As long as you’re dedicated to this routine, grooming should take no more than 10 minutes a day. However, you must be diligent. Otherwise, their silky, flowing fur can quickly become matted and unmanageable.

Using the right brush can help keep their shedding under control. A monthly bath is recommended to keep your glamorous Persian looking their best.

Like all cats, the food you give your doll face Persian must be high in protein from natural meat sources, including organs. Check the ingredients to ensure no fillers, artificial additives, or by-products.

You can read our Persian Cat grooming guide here.

Rescuing an Adult Cat

Choosing to adopt a doll face Persian from a shelter offers several benefits. These felines will have their health checked by a vet and have their shots. Though an adoption won’t have a pedigree certificate, the adoption fees will be much less expensive for a breeder. Best of all, you’ll provide a beautiful cat with a forever home. On the downside, locating a doll face Persian may be challenging since they’re rarer than the flat-faced variety, but it will be worth the wait.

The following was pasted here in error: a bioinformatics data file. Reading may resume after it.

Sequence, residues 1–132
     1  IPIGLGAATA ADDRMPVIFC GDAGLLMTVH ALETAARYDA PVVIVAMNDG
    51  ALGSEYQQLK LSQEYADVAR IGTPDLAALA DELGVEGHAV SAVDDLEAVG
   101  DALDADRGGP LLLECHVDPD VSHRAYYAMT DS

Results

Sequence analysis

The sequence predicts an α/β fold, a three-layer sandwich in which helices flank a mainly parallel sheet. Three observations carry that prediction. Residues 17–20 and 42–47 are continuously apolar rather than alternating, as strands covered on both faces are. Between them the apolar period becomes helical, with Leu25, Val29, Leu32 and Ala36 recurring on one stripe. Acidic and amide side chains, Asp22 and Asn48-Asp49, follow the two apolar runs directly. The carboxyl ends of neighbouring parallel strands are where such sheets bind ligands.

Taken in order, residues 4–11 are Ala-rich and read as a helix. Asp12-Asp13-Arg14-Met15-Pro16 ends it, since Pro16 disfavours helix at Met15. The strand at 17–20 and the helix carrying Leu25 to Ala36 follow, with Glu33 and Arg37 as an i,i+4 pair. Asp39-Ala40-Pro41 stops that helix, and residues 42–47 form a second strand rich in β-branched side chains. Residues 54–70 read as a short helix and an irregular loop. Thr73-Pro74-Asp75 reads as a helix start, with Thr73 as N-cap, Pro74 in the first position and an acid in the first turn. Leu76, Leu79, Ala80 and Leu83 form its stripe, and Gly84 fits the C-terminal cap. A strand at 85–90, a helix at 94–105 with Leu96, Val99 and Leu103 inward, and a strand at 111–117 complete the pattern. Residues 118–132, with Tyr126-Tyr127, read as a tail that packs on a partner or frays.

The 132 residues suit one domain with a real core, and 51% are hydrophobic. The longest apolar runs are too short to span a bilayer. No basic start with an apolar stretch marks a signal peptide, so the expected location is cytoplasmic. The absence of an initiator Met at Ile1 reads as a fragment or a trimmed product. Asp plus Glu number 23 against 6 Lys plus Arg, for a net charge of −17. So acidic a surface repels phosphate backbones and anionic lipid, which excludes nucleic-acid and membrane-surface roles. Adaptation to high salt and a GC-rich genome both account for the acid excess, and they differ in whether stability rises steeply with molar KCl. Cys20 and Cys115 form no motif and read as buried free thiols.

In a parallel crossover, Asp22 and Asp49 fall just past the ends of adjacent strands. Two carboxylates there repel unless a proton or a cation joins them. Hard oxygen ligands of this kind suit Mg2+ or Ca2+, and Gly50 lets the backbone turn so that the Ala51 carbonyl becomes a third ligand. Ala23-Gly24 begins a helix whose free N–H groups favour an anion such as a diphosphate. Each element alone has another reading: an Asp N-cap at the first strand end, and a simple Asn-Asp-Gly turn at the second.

Doll Face Persian Kittens

Locating a doll face Persian from a breeder will likely be more difficult since this variety is less popular than the flat-faced version. A reputable breeder will happily introduce you to the kitten’s parents and siblings and show you where they live. They should also answer any questions you have.


The doll-faced Persian cat isn’t all that different from its peke or flat-faced cousin. However, these cats don’t have the breathing and eye problems their flat-faced peers have. What do you think? Would you prefer that flat-faced Persian cat that is so popular right now, or would you choose a cat with a longer snout? We hope you enjoyed this article. If you have any questions or comments, please leave them below.